Exchange traded products

Peak to peak, which LIC managers performed during COVID?

A comprehensive review of dozens of LICs shows how they performed in the crucial 'peak to peak' of COVID. This 14 months tested the mettle and strategies of a sector often under fire, with many strong results.

Property

Blink and you missed a seismic shift in these stocks

Blink and it happened. If announcements in this sector were made by a producer of iron ore, gas, copper or some new tech, the news would have been splashed across the front pages. Have we witnessed a major change?

Worries over the planned proxy rule changes in Australia

We do not agree with Treasury’s suggestion that institutional investors are overly influenced by the research provided by proxy advisors. Here's how active ownership works to serve the client's best interests.

Economy

How to invest as inflation fears fade

There are many reasons why the worries about inflation are overstated and investors should protect their portfolios against falling inflation rather than rising. The economy is completely different to the 1970s.

Economy

A tale of the inflation genie, the Fed and the RBA

The inflation genie is still in the bottle. While wage growth remains low and the US Fed maintains current settings, we should expect the RBA's accommodatory approach to continue.

Strategy

Not so plastic fantastic: solving the single-use pandemic

At least 8 million tonnes of plastics leak into the ocean each year, equivalent to one garbage truck every minute. This is expected to double by 2030. Such pollution brings risks and opportunities for many companies.

Sponsors

Alliances

© 2021 Morningstar, Inc. All rights reserved.

Disclaimer
The data, research and opinions provided here are for information purposes; are not an offer to buy or sell a security; and are not warranted to be correct, complete or accurate. Morningstar, its affiliates, and third-party content providers are not responsible for any investment decisions, damages or losses resulting from, or related to, the data and analyses or their use. Any general advice or ‘regulated financial advice’ under New Zealand law has been prepared by Morningstar Australasia Pty Ltd (ABN: 95 090 665 544, AFSL: 240892) and/or Morningstar Research Ltd, subsidiaries of Morningstar, Inc, without reference to your objectives, financial situation or needs. For more information refer to our Financial Services Guide (AU) and Financial Advice Provider Disclosure Statement (NZ). You should consider the advice in light of these matters and if applicable, the relevant Product Disclosure Statement before making any decision to invest. Past performance does not necessarily indicate a financial product’s future performance. To obtain advice tailored to your situation, contact a professional financial adviser. Articles are current as at date of publication.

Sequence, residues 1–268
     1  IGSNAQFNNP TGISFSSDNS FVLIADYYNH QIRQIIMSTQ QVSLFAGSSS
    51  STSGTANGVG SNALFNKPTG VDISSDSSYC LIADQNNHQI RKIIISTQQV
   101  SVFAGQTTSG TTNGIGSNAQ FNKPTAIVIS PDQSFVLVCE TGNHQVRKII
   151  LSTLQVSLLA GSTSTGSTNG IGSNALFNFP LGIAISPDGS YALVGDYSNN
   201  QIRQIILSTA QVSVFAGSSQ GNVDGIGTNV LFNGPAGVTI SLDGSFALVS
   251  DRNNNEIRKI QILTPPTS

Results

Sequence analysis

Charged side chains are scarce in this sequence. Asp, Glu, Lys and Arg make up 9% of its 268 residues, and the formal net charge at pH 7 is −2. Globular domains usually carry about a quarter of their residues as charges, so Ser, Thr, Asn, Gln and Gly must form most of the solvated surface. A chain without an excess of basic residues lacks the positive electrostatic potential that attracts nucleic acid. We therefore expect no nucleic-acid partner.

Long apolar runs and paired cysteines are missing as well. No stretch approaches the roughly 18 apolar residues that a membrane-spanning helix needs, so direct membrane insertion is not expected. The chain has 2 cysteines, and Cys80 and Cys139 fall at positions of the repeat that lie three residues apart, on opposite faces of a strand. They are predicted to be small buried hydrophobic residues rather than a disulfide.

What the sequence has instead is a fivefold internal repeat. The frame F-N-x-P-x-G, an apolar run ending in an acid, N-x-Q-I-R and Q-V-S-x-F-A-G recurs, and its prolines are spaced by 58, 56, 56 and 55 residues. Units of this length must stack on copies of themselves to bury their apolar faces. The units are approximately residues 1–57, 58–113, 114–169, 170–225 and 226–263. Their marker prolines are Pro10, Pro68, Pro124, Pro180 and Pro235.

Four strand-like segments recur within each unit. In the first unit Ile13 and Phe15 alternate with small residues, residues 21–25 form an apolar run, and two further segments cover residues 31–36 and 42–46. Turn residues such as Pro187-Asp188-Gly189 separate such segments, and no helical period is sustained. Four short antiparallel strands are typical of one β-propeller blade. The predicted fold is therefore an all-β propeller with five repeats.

This website contains information and opinions provided by third parties. Inclusion of this information does not necessarily represent Morningstar’s positions, strategies or opinions and should not be considered an endorsement by Morningstar.

Website Development by Master Publisher.